Environmental issues: pesticides, plastics, non stick coatings on pan, BPA are all factors that have been shown to impact our hormones. Being aware is key. Unfortunately some companies are much more environmental and body friendly than others so you have to be vigilant and take matters into your own hands to avoid where you can. Click here for more.

Stress: a common function of our modern lives. The reality is that if you’re highly stressed (a lot of Adrenaline/Cortisol) your brain is telling your body that the risks are too high to reproduce. Physically it makes a difference as these hormones actually make your testicles and penis get sucked in towards the body! It also can impact sexual desire and function. Something that is becoming increasingly common. The same thing happens with more extreme exercise and hormonal imbalance can be seen quite often in athletes.

Sleep: linked of course to our stressful lives is another thing that can really impacted our hormones, particularly if we have a deficiency over a long period of time. 7-8hrs is ideal but the reality is people need to prioritise it and ‘sleep hygiene’. We spend ⅓ of our time asleep (ideally) so investing in things like a proper mattress is smart. Click here for much more.

Meditation is very powerful to combat anxiety: exposure to modern news cycles/social media is toxic. Other things to watch for are stress eating/detox teas/quick fix ‘health products’ which are actually worse for you and can further exacerbate imbalance.

What are the next steps if you think you have a hormonal imbalance/low testosterone?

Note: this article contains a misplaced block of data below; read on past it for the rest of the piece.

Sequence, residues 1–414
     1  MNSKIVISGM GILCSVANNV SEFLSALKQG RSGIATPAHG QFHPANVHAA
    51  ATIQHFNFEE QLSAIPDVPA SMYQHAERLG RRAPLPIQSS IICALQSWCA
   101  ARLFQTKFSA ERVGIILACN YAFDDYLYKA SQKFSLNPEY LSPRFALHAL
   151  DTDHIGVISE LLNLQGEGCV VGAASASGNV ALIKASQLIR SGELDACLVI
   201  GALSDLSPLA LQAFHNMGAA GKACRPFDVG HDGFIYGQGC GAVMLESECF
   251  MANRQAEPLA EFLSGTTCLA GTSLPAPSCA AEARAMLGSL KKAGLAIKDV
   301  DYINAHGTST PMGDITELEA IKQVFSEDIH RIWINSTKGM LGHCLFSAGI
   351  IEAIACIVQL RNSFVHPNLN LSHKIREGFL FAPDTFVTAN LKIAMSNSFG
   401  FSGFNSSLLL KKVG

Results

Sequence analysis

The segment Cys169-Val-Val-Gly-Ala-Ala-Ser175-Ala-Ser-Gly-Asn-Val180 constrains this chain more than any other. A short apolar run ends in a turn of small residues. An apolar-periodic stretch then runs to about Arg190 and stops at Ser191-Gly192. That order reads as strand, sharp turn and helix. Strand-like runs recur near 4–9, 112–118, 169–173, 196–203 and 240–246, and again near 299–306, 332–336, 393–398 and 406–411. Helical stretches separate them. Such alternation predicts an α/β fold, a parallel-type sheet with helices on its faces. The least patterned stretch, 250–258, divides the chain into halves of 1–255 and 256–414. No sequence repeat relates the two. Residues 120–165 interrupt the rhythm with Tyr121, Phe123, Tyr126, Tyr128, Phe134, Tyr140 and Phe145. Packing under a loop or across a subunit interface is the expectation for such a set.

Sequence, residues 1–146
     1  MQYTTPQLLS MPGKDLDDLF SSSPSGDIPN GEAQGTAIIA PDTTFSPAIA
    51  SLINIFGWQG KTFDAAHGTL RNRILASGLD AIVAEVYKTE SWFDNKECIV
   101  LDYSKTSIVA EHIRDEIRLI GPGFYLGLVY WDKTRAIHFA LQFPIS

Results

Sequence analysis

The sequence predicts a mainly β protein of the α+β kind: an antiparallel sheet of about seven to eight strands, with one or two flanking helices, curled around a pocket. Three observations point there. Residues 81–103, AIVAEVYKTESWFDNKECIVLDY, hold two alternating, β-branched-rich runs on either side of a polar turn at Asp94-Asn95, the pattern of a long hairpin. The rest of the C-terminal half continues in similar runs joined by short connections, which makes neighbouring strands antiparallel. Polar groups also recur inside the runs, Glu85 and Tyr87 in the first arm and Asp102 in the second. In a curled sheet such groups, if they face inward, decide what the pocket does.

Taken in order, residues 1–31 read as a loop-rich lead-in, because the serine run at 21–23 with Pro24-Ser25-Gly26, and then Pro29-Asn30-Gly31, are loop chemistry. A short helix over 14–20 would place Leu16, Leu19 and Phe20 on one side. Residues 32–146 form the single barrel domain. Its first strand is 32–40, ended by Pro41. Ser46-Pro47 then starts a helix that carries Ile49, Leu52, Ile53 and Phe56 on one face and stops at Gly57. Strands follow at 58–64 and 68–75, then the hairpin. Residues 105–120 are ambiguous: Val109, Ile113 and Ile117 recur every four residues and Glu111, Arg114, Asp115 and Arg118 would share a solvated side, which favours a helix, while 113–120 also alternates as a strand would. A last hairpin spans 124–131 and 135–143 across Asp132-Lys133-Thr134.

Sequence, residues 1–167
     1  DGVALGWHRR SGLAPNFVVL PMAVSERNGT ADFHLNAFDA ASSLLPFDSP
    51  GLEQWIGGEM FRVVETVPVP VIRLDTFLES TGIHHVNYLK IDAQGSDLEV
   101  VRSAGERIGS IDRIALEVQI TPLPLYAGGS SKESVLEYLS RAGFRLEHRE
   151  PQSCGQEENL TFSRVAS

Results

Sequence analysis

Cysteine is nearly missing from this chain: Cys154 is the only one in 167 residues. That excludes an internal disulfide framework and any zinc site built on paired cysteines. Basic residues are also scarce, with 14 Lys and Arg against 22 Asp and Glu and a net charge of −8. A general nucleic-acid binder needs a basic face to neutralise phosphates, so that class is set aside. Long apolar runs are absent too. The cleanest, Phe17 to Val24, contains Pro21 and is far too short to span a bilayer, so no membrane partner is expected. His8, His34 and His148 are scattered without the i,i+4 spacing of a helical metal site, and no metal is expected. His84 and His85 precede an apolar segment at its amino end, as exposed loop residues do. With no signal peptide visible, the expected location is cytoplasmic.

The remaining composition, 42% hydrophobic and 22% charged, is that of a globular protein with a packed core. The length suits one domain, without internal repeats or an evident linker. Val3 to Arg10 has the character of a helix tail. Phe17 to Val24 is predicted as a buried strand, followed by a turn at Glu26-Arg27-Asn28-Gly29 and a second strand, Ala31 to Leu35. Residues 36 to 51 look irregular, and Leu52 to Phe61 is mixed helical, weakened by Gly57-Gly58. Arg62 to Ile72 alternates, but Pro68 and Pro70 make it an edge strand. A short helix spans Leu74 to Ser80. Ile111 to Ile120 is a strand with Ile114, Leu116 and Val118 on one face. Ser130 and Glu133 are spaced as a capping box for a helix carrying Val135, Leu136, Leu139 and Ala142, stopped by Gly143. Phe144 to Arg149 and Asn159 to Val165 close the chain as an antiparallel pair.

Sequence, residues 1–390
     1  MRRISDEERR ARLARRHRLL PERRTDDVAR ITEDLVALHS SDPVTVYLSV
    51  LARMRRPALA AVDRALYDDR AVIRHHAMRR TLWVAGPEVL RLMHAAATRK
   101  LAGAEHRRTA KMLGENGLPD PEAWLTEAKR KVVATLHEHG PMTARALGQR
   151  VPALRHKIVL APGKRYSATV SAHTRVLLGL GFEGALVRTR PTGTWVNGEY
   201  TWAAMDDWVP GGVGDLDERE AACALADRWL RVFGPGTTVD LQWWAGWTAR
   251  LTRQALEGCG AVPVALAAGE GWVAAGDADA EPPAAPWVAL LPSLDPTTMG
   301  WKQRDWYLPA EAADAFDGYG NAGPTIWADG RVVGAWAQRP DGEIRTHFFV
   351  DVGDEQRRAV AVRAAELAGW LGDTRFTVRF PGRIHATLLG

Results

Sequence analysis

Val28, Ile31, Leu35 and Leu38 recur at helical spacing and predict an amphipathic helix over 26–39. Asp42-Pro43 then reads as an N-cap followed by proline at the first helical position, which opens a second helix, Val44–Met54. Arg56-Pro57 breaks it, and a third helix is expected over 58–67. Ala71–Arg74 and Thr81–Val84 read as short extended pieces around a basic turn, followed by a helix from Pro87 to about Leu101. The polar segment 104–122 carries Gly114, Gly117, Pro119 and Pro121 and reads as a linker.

One thing to be aware of is that the medical community actually needs to be better educated on the whole around these issues with the focus mainly on life saving and prostate issues so sometimes you need to push a bit if you think you may have an issue. Ask for a blood test and be persistent - you can always ask for another doctor.

How does it get tested?

Testosterone has its own circadian rhythm (highest in the morning) so ideally you get a blood test three hours after waking (ideally avoid alcohol/sex three days ahead of a test). Another hormone to test for is Sex Hormone Binding Globulin - or SHBG - the reason this is important is that if that is present at a high level it ‘grabs’ the testosterone in your blood and means it cannot be used. If you consider this level as well as testosterone that will give you a picture of the ‘free testosterone’ available for use in the body - which is what you want to really check out. It is also worth repeating the test four weeks later as hormone levels can sometimes throw off strange levels in isolation and if you are going to be on treatment it can be lifelong so is worth asking for a repeat.

How do I interpret my results?

If you have a test that comes back as ‘low’ check this against the definition of ‘low’ according to the British Society of Sexual Medicine’s guidance (click here for more) as there can be a bit of variance around what is defined as ‘low’ so just worth double checking.